Fighting Ebola Again

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The unknown, menacing monster is upon us again. The only thing we know about it is that it kills and disrupts the lives of people and society.

Our Health Correspondent, Alaskai Moore Johnson, has written about the new Ebola attack on Cowfield, Du Port Road. Several members of the Gbotee family have been afflicted, beginning with their son, Nathan, who has now died, followed by Nathan, Sr., and most probably the mother. Young Nathan succumbed to the disease on Monday, November 23rd after being diagnosed EVD positive on November 19th.

The Ministry of Health (MOH), led by the Chief Medical Officer, Dr. Francis Kateh, acted swiftly by transferring the father, son and other close family members to the ELWA Ebola Treatment Unit to undergo treatment and observation.

A key point our readers missed in Alaskai’s story is how did young Nathan catch the virus? It most certainly was not through sex, because he was only 10. So what happened?

Did he come in contact with an infected person? Who was that, and where did the person come from? Where did he or she go? If it was from a person, it is imperative to find that person, otherwise he or she would go on spreading the virus to unsuspecting others, and soon, the disease would be full blown in Liberia again. That would be a dangerous set back for a country still reeling from the economic and psychosocial impact of Ebola, which was devastating.

We think the MOH should, while dealing urgently with the cases at hand, attach equal urgency to finding the source of this new outbreak and bring it quickly under control before it spreads further.

In addition, MOH should make immediate contact with all the other survivors to ensure that they are experiencing no after effects or recurrence of the disease; in which case, they should be called in immediately and served the countermeasures that will immediately contain the disease and prevent it from spreading further.

In addition, MOH and the Incident Management Unit should resume, as a matter of urgency, the reinstitution of all preventive measures—hand-washing, observing strict hygiene in homes, neighborhoods and around the country. Now that MOH no longer has “social welfare” under its umbrella, whichever agency of government responsible for sanitation—most likely Public Works and Water and Sewer—should get busy and start cleaning up every nook and cranny of the country and, of course, getting all the county, city and town administrators and leaders involved in this urgent exercise, so as to prevent the disease from spreading throughout the country again.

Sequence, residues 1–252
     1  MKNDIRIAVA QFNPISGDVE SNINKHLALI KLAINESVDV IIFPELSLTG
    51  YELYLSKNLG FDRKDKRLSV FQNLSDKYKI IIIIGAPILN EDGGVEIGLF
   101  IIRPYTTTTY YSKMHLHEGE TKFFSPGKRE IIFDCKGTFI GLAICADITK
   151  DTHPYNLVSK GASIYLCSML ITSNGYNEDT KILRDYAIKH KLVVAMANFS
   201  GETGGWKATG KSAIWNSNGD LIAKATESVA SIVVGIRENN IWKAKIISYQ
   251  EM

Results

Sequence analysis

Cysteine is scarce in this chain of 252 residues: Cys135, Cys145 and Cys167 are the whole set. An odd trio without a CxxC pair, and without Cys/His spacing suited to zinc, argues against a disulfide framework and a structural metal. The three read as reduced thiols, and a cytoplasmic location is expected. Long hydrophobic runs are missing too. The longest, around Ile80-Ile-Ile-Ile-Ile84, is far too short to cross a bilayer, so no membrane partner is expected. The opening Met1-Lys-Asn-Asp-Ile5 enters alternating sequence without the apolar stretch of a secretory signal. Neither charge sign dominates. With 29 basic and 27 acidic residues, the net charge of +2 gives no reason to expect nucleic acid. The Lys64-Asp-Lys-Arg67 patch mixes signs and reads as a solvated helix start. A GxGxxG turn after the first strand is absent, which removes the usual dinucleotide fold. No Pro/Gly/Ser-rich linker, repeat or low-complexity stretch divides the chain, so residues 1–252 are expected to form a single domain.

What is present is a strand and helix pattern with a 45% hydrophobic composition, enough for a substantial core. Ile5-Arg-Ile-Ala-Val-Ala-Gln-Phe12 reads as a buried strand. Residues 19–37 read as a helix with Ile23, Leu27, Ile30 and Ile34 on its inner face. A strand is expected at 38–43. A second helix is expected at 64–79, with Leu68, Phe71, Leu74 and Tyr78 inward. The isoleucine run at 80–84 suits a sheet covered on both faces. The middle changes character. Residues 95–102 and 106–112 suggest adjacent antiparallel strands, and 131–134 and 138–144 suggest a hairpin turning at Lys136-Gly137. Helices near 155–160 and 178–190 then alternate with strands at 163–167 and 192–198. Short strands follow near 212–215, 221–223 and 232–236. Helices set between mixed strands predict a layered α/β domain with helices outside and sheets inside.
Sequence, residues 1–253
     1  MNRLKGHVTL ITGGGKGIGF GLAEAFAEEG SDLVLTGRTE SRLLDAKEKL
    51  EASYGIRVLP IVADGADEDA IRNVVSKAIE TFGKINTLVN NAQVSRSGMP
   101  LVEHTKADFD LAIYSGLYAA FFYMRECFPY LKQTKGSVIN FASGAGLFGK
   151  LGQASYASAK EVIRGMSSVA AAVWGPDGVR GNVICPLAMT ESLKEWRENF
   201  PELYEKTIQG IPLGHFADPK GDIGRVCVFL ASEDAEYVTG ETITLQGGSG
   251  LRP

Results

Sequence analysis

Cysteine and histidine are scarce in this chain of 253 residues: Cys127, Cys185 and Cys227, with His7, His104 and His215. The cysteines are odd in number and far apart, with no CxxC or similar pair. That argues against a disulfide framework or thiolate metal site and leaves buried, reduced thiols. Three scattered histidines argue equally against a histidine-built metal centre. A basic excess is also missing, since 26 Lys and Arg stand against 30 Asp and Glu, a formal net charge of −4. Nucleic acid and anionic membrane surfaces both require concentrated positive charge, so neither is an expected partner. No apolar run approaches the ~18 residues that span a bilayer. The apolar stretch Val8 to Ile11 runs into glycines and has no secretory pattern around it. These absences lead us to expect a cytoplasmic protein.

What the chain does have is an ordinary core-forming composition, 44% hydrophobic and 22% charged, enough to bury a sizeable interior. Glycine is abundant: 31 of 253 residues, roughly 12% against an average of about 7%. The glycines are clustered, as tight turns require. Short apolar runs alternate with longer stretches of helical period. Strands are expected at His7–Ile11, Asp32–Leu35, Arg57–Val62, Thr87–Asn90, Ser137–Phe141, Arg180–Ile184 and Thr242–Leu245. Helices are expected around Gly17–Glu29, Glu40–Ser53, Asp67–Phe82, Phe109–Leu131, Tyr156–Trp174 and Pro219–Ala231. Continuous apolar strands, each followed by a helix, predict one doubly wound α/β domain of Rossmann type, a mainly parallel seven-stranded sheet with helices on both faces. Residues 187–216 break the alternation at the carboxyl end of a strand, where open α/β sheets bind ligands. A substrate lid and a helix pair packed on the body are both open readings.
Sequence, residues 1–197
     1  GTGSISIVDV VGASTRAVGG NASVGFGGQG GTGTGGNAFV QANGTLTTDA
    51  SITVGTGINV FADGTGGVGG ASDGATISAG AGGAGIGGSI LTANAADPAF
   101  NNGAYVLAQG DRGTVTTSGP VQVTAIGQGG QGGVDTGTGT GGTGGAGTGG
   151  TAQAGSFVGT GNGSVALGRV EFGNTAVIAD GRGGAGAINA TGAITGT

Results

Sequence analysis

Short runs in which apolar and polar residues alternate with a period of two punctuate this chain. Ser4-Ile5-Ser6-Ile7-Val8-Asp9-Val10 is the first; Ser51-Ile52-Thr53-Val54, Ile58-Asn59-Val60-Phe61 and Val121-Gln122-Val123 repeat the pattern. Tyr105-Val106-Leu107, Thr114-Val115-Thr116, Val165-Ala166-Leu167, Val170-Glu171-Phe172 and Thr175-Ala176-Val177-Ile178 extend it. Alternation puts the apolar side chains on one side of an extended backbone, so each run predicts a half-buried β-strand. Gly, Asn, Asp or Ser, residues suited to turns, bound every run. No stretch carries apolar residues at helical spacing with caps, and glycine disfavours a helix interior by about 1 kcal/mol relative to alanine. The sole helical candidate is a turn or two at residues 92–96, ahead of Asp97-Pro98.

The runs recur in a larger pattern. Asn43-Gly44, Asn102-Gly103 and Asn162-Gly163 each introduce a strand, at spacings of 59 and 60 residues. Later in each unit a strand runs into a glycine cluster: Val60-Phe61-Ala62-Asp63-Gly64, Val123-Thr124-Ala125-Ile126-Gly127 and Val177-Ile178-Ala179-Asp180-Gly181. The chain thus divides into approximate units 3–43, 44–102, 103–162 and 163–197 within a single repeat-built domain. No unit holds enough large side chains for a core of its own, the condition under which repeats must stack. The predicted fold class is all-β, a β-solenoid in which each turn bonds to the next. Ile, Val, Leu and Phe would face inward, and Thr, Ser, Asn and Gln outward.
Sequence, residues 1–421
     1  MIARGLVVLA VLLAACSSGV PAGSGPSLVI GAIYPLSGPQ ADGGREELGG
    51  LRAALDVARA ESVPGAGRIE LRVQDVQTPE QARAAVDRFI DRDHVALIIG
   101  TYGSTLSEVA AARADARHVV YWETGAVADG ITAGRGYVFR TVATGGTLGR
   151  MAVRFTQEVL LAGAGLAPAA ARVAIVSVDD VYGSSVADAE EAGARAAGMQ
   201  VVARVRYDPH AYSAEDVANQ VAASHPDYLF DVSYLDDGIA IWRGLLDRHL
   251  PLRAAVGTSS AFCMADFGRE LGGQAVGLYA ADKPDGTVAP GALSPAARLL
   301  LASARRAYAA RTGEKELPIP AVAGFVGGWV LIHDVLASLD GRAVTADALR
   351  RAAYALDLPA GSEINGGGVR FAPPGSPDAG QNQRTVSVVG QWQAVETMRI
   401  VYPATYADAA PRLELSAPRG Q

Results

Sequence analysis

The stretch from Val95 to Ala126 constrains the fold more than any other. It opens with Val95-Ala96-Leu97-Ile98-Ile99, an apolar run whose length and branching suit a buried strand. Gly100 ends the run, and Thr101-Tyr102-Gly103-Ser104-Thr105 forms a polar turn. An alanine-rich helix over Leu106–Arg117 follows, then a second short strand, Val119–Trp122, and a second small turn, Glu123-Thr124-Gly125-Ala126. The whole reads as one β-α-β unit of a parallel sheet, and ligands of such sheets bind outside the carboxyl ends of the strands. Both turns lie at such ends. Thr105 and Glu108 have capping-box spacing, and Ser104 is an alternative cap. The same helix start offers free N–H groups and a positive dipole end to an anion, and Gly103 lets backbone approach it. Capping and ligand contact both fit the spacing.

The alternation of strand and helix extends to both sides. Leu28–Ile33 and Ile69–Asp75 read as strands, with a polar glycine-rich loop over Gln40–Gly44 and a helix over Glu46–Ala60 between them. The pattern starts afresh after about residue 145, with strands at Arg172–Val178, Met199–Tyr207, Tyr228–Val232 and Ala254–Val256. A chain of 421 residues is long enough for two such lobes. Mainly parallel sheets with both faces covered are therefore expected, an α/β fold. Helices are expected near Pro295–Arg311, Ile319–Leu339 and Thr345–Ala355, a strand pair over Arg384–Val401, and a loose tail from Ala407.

We have seen banks in Monrovia maintaining the practice of hand-washing before admitting customers to their premises; but we do not see the same thing in government offices and schools, nor do we see homes continuing strictly to observe the hand-washing practice. A few homes are still doing it, yes, but so many have stopped, and this may be the reason people are being continually exposed to the virus.

It is certainly easy for us to resettle into our old habits of avoiding strict hygiene; but given the terrible experiences we have had with this menacing epidemic, it is advisable for every citizen and resident to behave as though the virus is still with us—indeed it is, as we have seen with the Cowfield family—and observe every measure to satisfy ourselves that we are doing our part to repel (drive back, fend off) this deadly virus.

What else can we say? Perhaps there is one more thing that the Ministry of Health and the entire government and people of Liberia may do to keep our country safe. We need to put up our guard, our searchlight, whatever, to detect the source—any source—of this Ebola virus. Where is it coming from, who, if anyone, is visiting us with this deadly virus and how, and do everything possible to drive it from our country and people.

Otherwise, if there is anyone that is involved, that person or group of persons or nation or group of nations will always strike us with it – just when we seem to be recovering and trying to regain our stability and make progress in Liberia.

Our scientists, our security apparatus and every individual Liberian—all of us— should keep our eyes wide open and take nothing for granted, if we must keep this lethal menace at bay and drive it far from our shores.

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